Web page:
Cardiovascular Diseases: Prevention and Control is Possible

Mai ly Pulley

By Mai-ly Pulley
Assistant Professor
School of Nursing and Allied Health Professions

Cardiovascular diseases (CVDs) accounts for more deaths globally than any other disease. CVDs is a term that incorporates several heart and vessel disorders such as heart attack, coronary artery disease, heart failure, atherosclerosis (hardened arteries), dysrhythmias (abnormal heart rhythm), and heart valve issues.

According to the World Health Organization, over 17 million people died globally from CVDs in 2016, with over 14 million of those deaths resulting from heart attack and cerebrovascular accident (stroke). The Centers for Disease Control and Prevention reported 610,000 people die in America every year from CVDs. More than 730,000 people experience a heart attack annually, with 210,000 of those experiencing a recurrent heart attack.

Most cardiovascular disorders and complications of CVDs can be treated, but not completely reversed. The key to preventing CVDs and its complications is preventing the development of CVDs in the first place. Nurses play a huge role in identifying patients at risk for developing these issues.

Several components have been identified as risk factors that increases a person’s risk of developing CVDs. Those risk factors are categorized as modifiable and non-modifiable. Non-modifiable risk factors, such as age (65 and older), gender (males), ethnicity (African American being the highest), and genetics and family history cannot be changed. However, modifiable risk factors, such as smoking, hypertension, hyperlipidemia, inactivity, obesity, recreational drug usage, and excessive alcohol intake, can be changed to reduce the risk of CVDs.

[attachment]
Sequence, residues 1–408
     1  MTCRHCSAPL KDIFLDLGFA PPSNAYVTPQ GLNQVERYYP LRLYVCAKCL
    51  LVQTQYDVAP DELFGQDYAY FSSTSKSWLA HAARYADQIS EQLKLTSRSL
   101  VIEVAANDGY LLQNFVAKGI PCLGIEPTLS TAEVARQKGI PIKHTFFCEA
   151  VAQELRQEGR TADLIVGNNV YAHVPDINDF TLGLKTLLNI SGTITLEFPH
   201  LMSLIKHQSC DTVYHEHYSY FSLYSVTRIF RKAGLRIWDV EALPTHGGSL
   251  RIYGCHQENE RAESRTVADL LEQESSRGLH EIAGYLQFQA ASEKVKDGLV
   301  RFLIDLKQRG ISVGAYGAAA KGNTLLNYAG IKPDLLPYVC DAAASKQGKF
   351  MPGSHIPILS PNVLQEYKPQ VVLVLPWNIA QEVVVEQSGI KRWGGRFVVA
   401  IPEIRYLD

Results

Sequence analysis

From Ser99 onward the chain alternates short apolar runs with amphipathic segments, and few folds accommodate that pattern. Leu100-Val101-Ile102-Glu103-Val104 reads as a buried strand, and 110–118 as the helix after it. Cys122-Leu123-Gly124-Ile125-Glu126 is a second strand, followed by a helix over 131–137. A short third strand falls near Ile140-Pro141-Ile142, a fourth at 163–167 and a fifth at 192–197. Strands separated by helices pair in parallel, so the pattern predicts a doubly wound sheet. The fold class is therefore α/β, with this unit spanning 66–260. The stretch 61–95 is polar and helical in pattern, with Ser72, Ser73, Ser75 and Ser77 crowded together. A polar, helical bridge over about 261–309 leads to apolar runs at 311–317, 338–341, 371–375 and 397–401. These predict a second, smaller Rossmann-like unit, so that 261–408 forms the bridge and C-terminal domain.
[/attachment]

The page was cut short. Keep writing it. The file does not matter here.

There are no symptoms of CVDs; however, there are signs and symptoms of diseases caused by CVDs. For example, heart attack or stroke may be the first symptom of CVD. Symptoms of heart attack include chest discomfort, arm and jaw pain, shortness of breath, nausea and vomiting, and diaphoresis (cold sweat), while symptoms of stroke include unilateral weakness, facial droop, trouble speaking, sudden confusion, and severe headache.

Preventing the development of CVDs is key in preventing complications of CVDs, so identifying risk factors is imparitive. Most disorders caused by CVDs can be prevented by modifying high-risk behaviors. Yearly physicals can allow for early detection and management of actual and/or potential health problems that could increase the risk of developing CVDs. Treatment could include medications, regular physical activity, dietary changes to include reduction of salt and cholesterol and daily consumption of fruits and vegetables, smoking cessation, avoiding recreational drugs, and limiting alcohol intake. While the risk of developing CVDs may not be completely eliminated, modifying aforementioned high-risk behaviors would severally decrease one’s risk of developing CVDs.

References
American Heart Association (2017). What is Cardiovascular
Disease. https://www.heart.org/en/health-topics/consumer-healthcare/what-is-cardiovascular-disease
Centers for Disease Control and Prevention (2017). Heart Disease https://www.cdc.gov/heartdisease/facts.htm
World Health Organization (2017). Cardiovascular Diseases (CVDs): Fact sheet. https://www.who.int/en/news-room/fact-sheets/detail/cardiovascular-diseases